To die well, you need to plan well

Improving the communication and decision-making about medical treatment for patients at the end of their life is crucial to avoid needless suffering.

This is the view ofDarren K. Heyland (above), Professor of Medicine and Epidemiology at Queen’s University, Ontario, Canada, who will present a seminar – “To die well, you need to plan well: The importance of end of life communication and decision making” – at Griffith University’s Gold Coast campus tomorrow (April 12).

“The problem starts with poor communication and decision-making about medical treatments during serious illness,” says Professor Heyland.

“This leads to the ‘intensification of care’ at the end of someone’s life, meaning many older patients who prefer a more comfortable, dignity-preserving pathway towards the ‘end,’ suffer needlessly in an intensive-care unit receiving aggressive forms of life-sustaining treatments and then, after all of that, they pass.

“This has a negative impact on the family who witness this ‘intensified’ death experience.

“It also impacts on the health care professionals with some even suffering from ‘moral distress’- thinking theymay’ve done the wrong thing,” Professor Heyland said.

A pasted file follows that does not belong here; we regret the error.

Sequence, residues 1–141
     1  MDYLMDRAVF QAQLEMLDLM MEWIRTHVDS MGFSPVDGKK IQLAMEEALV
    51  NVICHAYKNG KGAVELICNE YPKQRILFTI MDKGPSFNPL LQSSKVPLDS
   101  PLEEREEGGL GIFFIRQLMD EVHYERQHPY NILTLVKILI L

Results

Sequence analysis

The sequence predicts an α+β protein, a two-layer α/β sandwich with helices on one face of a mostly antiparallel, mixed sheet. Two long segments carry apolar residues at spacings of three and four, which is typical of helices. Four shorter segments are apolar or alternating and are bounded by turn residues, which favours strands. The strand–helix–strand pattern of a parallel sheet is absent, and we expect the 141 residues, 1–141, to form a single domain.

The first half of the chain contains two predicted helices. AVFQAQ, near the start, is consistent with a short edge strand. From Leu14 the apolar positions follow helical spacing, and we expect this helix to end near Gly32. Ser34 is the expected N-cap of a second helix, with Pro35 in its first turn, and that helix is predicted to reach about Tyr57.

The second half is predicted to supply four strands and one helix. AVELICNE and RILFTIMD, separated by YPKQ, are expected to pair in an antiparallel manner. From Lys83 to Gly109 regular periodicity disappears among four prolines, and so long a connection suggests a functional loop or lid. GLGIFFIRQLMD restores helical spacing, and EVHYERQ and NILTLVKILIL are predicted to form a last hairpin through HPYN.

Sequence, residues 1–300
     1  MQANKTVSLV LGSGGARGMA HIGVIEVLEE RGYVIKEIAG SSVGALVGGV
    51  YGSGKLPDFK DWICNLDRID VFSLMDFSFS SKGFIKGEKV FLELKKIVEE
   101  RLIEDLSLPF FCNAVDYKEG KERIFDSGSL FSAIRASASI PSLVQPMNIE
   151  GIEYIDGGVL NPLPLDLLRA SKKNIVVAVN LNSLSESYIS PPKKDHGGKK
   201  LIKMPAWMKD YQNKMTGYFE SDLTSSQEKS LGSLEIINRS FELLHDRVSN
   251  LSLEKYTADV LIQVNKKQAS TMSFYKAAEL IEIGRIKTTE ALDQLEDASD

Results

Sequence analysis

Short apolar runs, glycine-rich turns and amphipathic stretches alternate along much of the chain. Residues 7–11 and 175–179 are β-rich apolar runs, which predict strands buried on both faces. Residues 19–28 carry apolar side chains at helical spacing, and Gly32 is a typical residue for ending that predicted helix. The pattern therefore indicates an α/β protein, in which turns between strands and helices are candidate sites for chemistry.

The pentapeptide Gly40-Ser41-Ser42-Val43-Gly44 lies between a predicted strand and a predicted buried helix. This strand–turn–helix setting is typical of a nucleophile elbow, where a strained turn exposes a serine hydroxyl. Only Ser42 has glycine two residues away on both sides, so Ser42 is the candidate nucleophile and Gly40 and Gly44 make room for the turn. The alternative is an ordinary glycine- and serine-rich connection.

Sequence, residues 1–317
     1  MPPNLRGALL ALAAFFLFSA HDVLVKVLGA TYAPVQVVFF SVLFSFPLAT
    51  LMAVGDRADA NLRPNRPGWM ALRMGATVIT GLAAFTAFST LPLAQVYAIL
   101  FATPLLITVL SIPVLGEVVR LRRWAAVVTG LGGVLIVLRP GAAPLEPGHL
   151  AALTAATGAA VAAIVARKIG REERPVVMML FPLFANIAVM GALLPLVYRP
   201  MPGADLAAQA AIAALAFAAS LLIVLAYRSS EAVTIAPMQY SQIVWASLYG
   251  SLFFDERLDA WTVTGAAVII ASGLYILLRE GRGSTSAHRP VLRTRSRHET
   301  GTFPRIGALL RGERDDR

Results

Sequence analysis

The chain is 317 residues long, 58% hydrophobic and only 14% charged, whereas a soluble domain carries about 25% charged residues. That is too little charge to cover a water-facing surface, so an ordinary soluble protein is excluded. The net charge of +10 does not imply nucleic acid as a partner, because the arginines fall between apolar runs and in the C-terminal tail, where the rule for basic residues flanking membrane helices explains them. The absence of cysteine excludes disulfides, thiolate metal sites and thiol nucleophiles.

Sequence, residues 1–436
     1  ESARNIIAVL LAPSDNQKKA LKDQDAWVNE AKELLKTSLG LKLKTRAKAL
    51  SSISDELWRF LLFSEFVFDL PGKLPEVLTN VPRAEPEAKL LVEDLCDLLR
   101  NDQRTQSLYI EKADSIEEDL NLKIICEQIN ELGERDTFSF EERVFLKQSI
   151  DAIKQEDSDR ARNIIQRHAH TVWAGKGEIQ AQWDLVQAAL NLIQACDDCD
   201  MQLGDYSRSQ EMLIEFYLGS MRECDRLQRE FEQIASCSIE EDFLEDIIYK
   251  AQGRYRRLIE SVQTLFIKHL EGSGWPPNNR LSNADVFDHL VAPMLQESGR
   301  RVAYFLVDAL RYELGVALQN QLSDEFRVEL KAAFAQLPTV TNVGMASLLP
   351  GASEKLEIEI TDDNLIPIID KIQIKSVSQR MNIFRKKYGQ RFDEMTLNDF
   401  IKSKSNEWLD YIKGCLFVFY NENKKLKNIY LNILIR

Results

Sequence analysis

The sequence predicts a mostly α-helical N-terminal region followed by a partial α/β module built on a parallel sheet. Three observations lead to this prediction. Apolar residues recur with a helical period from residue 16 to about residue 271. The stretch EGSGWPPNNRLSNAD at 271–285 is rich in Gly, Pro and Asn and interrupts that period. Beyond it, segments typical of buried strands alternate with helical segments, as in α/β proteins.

Professor Heyland says there must be agreement on all sides.

“The patient should understand what treatments he or she is signing up for. Itshould be appropriate to the medical condition withclinicians weighing up the most appropriate treatment.

“Unfortunately, this is not happening”.

Professor Heyland said the lack of understanding about how decisions are made and the medical technologies that are on offer is a major hurdle.

“So something needs to be done to better prepare the patient toengage with the clinical team when they develop a serious illness.”

WHEN:Wednesday, April 12
TIME: 12pm – 1pm
WHERE: Gold Coast University Hospital, Large Lecture Theatre, PED Building
Video Conference: Robina RH-A-1-Admin Meeting Room 1